Today sees Underground taking another vinyl from the shelves of our archives and giving it a good blow… although there shouldn’t be much dust on this one. Cue FKA Twigs LP1.
Formerly a music video dancer, after training throughout her youth, FKA twigs or Tahliah Barnett released this, her debut album only 5 years ago. The record came after two initial EPs that showed the world Twigs is not just “that girl from the video” but a fully-fledged, multi-talented artist. From directing her videos to learning about EQ frequencies, Twigs hand crafted LP1 with unwavering creative control. Unafraid to get her hands dirty when it comes to her work, Twigs put her all into every inch of this vinyl with the intent to convey pure emotion.
While the term “experimental” gets thrown around as much as “south London sound” does these days, Twigs restlessly pushes the boundaries of sound and imagery until she’s pretty much part of the matrix. Mixing dreamscape sounds with sharp electronics and ethereal vocals, LP1 is an eclectic mix that sees nightmares combined with daydreams, the real with the artificial, and the abject with the virtuous.
Often compared to Björk in her experimentalist approach to her artistry, Twigs is a musician who is writing the book on just how much push and pull music can handle. In this exploration, sexuality finds itself at the forefront of every track, but it’s not necessarily overt – although at times she definitely is. Playing around with the power of the erotic, Twigs makes an album that oozes sex in all its glory, sensuality and griminess. Her ethereal pop undoubtedly harnesses this power, with an extraordinary sensitivity to the underused and suppressed eroticism that lives with all of us and that allows us the chance to define our essence in our terms.
Using the album as a catalyst for bettering oneself, Twigs incorporates unimaginable sounds with typical pop motifs and choir like vocals. The album begins with a ‘Preface’, an echoey number that sounds as if it was recorded in a cathedral before hip hop beats and distorted lyrics find their way into the spotlight. Repeated throughout this opening track is Thomas Wyatt’s famous line from ‘I Find no Peace’: “I love another, and thus I hate myself”. In an interview with Dazed, Twigs claimed that this mantra is “inscribed into the vinyl”.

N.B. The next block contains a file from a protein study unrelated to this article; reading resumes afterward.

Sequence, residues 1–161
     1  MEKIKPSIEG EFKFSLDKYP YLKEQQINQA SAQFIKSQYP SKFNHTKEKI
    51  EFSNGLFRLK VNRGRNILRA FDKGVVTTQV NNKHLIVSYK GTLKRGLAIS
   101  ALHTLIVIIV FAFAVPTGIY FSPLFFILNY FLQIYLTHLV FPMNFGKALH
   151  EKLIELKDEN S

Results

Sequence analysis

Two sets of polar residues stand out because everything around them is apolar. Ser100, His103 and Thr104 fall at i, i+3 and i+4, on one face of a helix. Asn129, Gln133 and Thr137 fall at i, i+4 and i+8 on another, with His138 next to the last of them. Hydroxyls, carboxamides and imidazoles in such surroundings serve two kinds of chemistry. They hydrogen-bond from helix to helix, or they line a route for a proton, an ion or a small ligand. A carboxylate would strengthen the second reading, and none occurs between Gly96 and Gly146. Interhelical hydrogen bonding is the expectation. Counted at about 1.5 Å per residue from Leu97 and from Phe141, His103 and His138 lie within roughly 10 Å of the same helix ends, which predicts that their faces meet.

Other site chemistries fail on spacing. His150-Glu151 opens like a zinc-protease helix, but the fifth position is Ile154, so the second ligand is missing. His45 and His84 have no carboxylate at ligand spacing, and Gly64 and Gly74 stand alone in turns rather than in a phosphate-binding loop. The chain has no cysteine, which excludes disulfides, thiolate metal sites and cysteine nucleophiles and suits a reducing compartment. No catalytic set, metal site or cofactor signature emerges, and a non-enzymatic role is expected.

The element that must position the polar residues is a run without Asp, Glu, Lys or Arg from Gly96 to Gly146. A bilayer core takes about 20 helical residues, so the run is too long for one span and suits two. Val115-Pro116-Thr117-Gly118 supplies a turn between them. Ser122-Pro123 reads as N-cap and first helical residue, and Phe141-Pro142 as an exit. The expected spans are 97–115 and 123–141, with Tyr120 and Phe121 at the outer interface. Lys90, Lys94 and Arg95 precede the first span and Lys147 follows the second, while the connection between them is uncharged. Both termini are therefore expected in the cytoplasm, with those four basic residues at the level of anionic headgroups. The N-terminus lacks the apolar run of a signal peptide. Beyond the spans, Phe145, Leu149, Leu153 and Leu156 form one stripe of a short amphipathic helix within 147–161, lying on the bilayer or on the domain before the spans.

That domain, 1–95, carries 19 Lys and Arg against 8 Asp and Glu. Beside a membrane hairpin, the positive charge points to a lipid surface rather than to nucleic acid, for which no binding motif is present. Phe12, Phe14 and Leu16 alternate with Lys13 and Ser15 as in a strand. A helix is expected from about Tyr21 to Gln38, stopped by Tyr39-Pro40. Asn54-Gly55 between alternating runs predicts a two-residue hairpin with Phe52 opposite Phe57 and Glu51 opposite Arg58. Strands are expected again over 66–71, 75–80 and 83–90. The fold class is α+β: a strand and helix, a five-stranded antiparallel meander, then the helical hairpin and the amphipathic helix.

Mixing beautiful vocals with glitches, Twigs’ songs often makes for a roller-coaster of sensation for the listener, ranging from feeling encapsulated by twigs’ music to being totally unsettled by it too. ‘Video Girl’ and ‘Numbers’ are defining tracks on the album which embody this notion. Luring her listeners into a false sense of security with her whimsical, encircling vocals, before disturbing them with a layering of deconstructed time signatures and lyrics of loss and lies. However, these tracks are balanced with others such as ‘Lights On’ and ‘Two Weeks’ which find organ like vocal ranges incorporated with distorted sound that instead of reflecting hardship evoke feelings of lust and yearning to trust another.
The flexibility of her cacophony of sound is truly a remarkable skill. Finally finding her feet in an industry she is passionate about is not only proof of her tenacity as an artist, but also how talented she is – specifically in hearing what others can’t and making it into music. In doing so, Twigs’ album finds an empowering equilibrium within dichotomies such as love and loss or sexual expression and objectification.
Summoning the elements from of trip-hop, grime and pop to do her dirty work, Twigs explores a whole spectrum of emotions all with an eroticism that is unmatchable. Despite LP1 being her debut, it’s a confidently carnal burst on the music scene that only but propels FKA Twigs into a sphere of experimental musicians really pushing the conventions of music making and sensual incorporation.